Silvers here retain a healthy zest for life; I was embarrassed when Lucy, a friend from my memoir writing group, offered to introduce me to her retired cousin. “You are so pretty, and young enough for romance,” she remarked. I was then 73. My 82 year-old writer-friend finds it difficult to believe that I never considered having a boyfriend. “Your husband passed away when you were only 58, young enough to remarry,” she said. “And you did not consider having even a boyfriend!” I keep on explaining that for Hindu women, marriage is a lifelong commitment; that in widowhood too we stay faithful to the memory of our deceased spouse.

My American friends marvel at how my son-in-law and daughter have accepted me as part of their life. I am in their social circle, joining their friends at dinners and luncheons, discussing world events and recalling my experiences of the past eight decades of my life. “I can’t ever imagine moving in with any of my children and sharing their life,” my friend Angela has confided in me. She was a venture capitalist and is the mother of two loving daughters and a highly successful businessman son. She is 65 and is looking at retirement housing, another name for homes for silvers.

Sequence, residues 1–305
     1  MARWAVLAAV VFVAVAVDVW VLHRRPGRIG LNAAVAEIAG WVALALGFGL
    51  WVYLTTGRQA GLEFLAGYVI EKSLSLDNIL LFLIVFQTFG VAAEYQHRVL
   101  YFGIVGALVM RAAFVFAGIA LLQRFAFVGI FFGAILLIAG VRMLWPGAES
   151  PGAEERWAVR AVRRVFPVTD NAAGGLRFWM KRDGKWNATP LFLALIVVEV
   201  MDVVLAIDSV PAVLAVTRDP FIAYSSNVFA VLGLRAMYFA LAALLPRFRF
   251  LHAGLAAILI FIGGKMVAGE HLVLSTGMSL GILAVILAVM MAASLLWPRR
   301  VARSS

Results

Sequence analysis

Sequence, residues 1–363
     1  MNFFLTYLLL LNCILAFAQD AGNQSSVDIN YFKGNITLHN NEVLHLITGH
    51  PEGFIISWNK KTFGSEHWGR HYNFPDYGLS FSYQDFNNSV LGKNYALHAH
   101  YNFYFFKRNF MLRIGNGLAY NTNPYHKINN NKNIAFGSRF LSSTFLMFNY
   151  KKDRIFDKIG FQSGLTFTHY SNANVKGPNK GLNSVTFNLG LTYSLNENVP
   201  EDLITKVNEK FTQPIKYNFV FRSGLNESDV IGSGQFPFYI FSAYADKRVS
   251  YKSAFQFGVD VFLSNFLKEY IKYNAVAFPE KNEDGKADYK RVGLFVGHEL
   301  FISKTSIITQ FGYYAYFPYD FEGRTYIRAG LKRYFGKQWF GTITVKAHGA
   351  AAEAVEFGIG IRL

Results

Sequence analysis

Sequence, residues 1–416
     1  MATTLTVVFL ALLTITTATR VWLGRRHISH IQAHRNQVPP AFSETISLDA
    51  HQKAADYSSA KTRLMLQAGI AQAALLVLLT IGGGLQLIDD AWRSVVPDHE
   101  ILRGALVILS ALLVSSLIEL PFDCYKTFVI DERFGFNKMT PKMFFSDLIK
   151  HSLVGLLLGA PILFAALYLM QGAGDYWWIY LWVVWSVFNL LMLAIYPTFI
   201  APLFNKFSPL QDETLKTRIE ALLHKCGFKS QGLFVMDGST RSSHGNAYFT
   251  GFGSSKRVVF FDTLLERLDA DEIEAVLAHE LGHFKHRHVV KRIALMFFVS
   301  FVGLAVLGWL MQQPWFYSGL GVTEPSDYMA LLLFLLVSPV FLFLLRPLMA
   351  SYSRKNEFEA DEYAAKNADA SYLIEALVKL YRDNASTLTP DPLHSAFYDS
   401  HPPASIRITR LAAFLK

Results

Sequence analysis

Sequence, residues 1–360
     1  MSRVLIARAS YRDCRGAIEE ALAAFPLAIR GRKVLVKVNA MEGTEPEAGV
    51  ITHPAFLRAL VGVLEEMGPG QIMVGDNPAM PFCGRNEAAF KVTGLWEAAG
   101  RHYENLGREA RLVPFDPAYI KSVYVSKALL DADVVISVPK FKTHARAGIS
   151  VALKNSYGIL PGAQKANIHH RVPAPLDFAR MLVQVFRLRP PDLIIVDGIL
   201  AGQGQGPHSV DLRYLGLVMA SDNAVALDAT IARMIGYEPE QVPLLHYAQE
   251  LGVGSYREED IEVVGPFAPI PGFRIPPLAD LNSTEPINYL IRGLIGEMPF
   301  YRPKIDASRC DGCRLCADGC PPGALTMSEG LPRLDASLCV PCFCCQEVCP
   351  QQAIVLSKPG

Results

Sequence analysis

Life can be lonely and hard when widowed mothers in their sunset years come to live with a son or daughter. As the young couple go to work—a single income is rarely enough to meet the expenses of a growing family—older women are left to mind the house, care for babies and face the bumptious teenage grandchildren. They are the prampushers, popping in painkillers and rubbing arthritic joints with soothing gel.

Life then is no fun.

Mankekar is the author of Breaking News: A Woman in a Man’s World, which chronicles her experiences as one of the first women journalists in India

Photo: iStock
Featured in Harmony — Celebrate Age Magazine
March 2016